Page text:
A Trace in the Sand
Online Architecture Journal
by Ruth Malan

I also write at:

- Resources for Architects

- Architecture Action Guide

- Trace In the Sand Blog
 

HelpMatch:

- HelpMatch Wiki

- HelpMatch Google Group

Trace in the Sand
Architecture Journal

2011

- January

- February

- March

- April

- May

- June

- July

- August

- September

- October

- November

- Current

2010

- January

- February

- March

- April

- May

- June

- July

- August

- September

- October

- November

- December

2009

- January

- February
- March

- April

- May

- June

- July

- August

- September

- October

- November
- December

2008
- January
- February
- March
- April

- May
- June
- July
-
August
-
September
- October
-
November
- December

2007
-
January

- February
- March
- April
- May
- June
- July
- August

- September
- October
- November

- December

2006
-
February
- March

- April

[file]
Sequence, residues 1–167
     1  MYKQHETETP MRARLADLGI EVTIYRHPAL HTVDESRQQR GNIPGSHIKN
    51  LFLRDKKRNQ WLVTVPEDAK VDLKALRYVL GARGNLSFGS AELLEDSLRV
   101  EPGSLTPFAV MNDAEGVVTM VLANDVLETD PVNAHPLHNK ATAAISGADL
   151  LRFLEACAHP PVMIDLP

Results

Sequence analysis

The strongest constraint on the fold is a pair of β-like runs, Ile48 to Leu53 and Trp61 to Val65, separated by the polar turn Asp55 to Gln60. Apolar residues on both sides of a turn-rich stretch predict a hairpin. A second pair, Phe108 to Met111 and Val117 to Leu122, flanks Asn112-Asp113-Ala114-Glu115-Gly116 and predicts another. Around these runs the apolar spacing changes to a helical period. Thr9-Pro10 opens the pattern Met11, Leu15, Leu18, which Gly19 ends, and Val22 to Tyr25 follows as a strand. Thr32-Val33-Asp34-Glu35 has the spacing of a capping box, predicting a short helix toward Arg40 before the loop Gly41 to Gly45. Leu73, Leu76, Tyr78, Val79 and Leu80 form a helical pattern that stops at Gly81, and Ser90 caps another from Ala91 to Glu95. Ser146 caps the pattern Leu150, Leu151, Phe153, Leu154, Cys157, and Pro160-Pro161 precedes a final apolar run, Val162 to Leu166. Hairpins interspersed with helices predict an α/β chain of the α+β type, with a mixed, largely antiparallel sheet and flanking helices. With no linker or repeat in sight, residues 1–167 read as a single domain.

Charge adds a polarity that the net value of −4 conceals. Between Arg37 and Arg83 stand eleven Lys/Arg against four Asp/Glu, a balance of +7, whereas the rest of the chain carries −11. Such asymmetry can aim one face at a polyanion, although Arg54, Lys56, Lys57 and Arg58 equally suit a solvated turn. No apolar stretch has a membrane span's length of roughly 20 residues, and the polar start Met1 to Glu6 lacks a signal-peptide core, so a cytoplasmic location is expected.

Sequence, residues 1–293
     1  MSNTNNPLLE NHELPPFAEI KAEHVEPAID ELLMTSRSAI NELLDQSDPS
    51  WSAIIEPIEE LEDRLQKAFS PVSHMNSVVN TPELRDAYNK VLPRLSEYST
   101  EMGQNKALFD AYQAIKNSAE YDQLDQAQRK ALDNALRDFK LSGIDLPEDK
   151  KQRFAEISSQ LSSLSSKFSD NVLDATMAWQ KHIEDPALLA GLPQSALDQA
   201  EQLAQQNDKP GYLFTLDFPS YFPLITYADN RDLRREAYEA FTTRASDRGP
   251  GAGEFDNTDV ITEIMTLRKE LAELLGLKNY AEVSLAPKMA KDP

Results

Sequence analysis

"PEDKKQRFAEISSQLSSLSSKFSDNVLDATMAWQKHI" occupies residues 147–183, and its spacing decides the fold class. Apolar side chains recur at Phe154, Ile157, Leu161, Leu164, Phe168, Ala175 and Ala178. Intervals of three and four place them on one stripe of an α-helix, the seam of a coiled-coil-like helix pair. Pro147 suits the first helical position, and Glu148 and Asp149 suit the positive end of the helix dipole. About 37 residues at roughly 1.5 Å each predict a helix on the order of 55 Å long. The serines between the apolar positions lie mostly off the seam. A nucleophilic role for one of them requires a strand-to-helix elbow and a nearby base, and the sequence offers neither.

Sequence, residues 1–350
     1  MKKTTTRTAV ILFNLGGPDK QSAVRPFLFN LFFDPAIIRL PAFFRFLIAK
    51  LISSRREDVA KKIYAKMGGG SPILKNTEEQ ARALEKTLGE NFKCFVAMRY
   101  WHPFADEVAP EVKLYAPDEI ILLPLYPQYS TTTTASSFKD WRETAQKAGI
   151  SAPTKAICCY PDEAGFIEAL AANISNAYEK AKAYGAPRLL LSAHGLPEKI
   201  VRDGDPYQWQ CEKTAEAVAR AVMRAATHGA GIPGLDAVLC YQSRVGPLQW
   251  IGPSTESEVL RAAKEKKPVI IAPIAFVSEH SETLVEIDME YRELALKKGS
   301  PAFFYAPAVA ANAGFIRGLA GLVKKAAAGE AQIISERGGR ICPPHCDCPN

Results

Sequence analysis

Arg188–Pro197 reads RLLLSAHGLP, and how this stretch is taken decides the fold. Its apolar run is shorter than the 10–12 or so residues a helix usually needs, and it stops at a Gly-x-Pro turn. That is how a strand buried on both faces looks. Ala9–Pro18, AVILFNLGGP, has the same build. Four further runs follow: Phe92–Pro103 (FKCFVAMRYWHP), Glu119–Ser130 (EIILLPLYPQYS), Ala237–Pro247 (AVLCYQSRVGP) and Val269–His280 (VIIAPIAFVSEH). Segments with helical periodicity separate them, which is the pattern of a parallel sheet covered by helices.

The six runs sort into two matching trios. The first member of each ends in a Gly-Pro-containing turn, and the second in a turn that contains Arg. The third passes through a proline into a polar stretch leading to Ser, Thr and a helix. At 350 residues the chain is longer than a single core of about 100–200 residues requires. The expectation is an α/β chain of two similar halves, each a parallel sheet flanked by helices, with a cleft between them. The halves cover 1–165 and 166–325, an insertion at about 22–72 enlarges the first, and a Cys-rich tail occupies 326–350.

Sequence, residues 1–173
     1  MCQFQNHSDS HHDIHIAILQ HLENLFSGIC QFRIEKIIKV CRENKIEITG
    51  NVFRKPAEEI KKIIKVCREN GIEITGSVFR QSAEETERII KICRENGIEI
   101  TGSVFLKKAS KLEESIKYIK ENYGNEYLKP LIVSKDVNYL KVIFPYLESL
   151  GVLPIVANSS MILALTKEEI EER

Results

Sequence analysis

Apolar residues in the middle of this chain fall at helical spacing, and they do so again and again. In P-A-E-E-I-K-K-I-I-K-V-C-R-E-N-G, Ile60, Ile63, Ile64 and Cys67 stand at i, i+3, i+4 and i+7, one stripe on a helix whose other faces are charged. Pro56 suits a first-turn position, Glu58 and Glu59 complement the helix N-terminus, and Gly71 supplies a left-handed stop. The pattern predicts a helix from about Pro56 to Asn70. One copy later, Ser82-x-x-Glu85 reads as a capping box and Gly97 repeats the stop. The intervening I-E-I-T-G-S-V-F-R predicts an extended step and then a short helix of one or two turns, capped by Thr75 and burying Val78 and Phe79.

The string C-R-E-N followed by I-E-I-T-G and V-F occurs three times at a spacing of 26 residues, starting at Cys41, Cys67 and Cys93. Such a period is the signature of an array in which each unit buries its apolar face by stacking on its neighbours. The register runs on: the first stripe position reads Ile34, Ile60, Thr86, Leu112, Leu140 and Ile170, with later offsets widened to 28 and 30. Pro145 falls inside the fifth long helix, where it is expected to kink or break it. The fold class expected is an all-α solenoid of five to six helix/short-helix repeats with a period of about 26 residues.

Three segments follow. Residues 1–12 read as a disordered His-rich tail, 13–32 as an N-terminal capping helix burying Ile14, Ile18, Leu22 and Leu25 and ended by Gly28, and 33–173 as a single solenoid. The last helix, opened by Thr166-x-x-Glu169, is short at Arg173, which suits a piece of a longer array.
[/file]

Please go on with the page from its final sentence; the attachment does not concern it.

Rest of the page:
- May
- June
- July
- August
- September

- October
- November
- December

 

 

 

 

 


 

January 2008

1/16/08 Architects Architecting Architecture Notes

This architects architecting architecture journal is close to two years old. If you're new to this outlet for my observations on software and systems architecting, why, you might be excited to find that you can get at my writing from past months by clicking on the monthly archives listed in the sidebar. Then again, I know you have better things to do.

Enough inspiring. Now to DO!Ah, to do—the IBM ad series in Fortune magazine: action not talk. Action is important. We titled the book we've been working on "Software Architecture Action Guide" to put the emphasis on action. But "action not talk"? That might win popular favor, and there are many playing that game in the software field.

My design idea for the book was to weave inspiration and action together in each chapter, to emulate what I believe an architect needs to do. Architects are leaders. Leaders cannot simply act. Leaders lead people. People need context, a sense of a destiny worth striving for, and a general plan that shows how various contributions will integrate to create greater value than a piecemeal jumble of ad hoc parts. Inspiration. Roadmap. Communication. Action.